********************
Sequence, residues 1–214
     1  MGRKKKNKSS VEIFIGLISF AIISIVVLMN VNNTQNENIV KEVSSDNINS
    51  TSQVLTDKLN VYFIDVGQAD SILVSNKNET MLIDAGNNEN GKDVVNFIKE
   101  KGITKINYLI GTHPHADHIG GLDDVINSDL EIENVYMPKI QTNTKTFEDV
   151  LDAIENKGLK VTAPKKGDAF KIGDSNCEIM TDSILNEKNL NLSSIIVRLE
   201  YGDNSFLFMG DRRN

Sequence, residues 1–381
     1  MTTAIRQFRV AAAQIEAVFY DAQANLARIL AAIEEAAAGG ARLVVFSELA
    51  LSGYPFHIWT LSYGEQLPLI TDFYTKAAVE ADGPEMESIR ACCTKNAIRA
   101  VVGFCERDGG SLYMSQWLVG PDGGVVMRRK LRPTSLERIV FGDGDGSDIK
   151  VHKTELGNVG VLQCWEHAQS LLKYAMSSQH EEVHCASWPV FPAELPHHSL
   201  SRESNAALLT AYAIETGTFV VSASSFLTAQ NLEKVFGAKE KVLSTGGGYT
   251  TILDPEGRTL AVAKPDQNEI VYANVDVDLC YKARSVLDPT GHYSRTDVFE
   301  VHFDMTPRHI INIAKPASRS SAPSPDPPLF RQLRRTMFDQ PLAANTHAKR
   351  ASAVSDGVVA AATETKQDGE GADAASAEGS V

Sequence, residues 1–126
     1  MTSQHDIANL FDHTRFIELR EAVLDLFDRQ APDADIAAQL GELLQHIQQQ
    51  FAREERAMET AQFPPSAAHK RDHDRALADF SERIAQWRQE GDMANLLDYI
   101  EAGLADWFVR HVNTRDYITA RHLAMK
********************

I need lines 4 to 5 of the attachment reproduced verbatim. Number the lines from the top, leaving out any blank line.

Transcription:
   101  KGITKINYLI GTHPHADHIG GLDDVINSDL EIENVYMPKI QTNTKTFEDV
   151  LDAIENKGLK VTAPKKGDAF KIGDSNCEIM TDSILNEKNL NLSSIIVRLE